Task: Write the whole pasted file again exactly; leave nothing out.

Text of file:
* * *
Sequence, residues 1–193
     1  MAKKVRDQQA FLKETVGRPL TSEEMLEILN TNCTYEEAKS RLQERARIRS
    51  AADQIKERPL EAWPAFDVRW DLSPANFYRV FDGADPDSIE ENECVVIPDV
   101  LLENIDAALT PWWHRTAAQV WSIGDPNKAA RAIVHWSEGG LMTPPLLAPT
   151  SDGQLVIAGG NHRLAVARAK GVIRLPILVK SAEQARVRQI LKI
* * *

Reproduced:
Sequence, residues 1–193
     1  MAKKVRDQQA FLKETVGRPL TSEEMLEILN TNCTYEEAKS RLQERARIRS
    51  AADQIKERPL EAWPAFDVRW DLSPANFYRV FDGADPDSIE ENECVVIPDV
   101  LLENIDAALT PWWHRTAAQV WSIGDPNKAA RAIVHWSEGG LMTPPLLAPT
   151  SDGQLVIAGG NHRLAVARAK GVIRLPILVK SAEQARVRQI LKI